At the 2018 ON faculty retreat, which took place just before Karam Forum, we were richly blessed by a keynote address from Greg Jones of Duke Divinity School. Reflecting on his 13 years’ tenure as that school’s dean, his experiences as provost of Baylor University and other sources of insight, Jones wove together a powerful vision for what it means to carry theological education into the challenging environment of the 21st century. You can listen to the address here.
Jones emphasized that the challenges confronting theological education are also confronting every other area of higher education – and, in a bigger sense, every area of life in our cultures. He shared that as provost of Baylor, he was responsible to help over a dozen schools, from the liberal arts to the professions, think about their future and their economic models. All of them, he said, would have to change radically to survive. In ten years, he said, they’ll all look very different from what they are and do today.
The deeper challenge, however, is to see the present moment not in terms of how we can survive – which leads to a bunker mentality – but in terms of the new opportunities it offers to accomplish God’s mission. Precisely because everyone in every field of endeavor is facing the challenges of disruption, there is a deeply felt need for someone to provide the kind of synoptic vision and authentic practice that only the church can ultimately provide. “This should be our moment!” Jones encouraged.
Unfortunately, nostalgia makes the past seem more comfortable than it really was, and the survival-bunker mentality is hard to shake. Jones drew a parallel to the grumbling Israelites who, facing the rigors of the wilderness, spoke of returning to the false comfort of slavery in Egypt. At least there were stable enrollments. “Each of our schools has a Back to Egypt Committee,” lamented Jones.
Paths forward will rely on what Jones called “traditioned innovation.” As Christians, we are the last people in the world who can just declare that the past doesn’t matter – yet the challenge is to bring the past into the future in a living way, a way that’s adapted to changing cultural conditions. Invoking Jaroslav Pelikan’s distinction between traditionalism (the dead faith of the living) and tradition (the living faith of the dead), Jones encouraged us to think of innovation as something that can serve tradition rather than replace it.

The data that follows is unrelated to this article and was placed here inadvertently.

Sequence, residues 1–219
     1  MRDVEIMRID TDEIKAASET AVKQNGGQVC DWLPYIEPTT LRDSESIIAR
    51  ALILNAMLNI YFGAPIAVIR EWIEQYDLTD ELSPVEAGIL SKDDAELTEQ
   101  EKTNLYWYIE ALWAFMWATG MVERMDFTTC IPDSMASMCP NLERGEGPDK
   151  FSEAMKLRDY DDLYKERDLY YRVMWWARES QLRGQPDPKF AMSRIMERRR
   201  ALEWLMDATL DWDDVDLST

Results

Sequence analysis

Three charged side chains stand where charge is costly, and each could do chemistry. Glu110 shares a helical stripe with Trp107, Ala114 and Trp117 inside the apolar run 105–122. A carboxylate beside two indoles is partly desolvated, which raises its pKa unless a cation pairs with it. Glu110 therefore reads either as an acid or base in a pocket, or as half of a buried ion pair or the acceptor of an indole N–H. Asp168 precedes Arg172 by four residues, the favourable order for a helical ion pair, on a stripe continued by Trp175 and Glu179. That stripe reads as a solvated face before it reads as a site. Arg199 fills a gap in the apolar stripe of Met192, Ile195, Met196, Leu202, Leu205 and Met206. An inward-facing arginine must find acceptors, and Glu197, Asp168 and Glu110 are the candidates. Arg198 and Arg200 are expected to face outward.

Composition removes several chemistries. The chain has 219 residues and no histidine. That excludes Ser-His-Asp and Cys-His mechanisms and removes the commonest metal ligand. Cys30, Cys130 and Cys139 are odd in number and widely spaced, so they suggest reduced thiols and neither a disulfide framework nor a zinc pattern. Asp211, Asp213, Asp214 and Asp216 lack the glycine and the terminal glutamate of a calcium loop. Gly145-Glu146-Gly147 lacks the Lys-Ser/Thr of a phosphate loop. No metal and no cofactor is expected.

Only a living, intimate relationship with God makes traditioned innovation possible. Jones cited the account of the daughters of Zelophehad in Numbers 27:1-11. These women came to Moses asking for a change in the ordinary rules to allow them to receive their father’s inheritance in the holy land. Moses did not make a decision about the claim by himself, but took the case to the Lord; it was the Lord who affirmed the women’s claim (“the daughters of Zelophehad are right”) and ordered Moses to deliver the inheritance to them. Our relationship with our gracious and powerful God provides the independent standpoint from which we can evaluate which innovations renew traditions rather than destroy them.
As we return to our schools for the new semester and encounter our respective Back to Egypt Committees, we draw strength from God and from one another to face the future with hope and pursue the vast opportunities for new life in a new world – through an old gospel.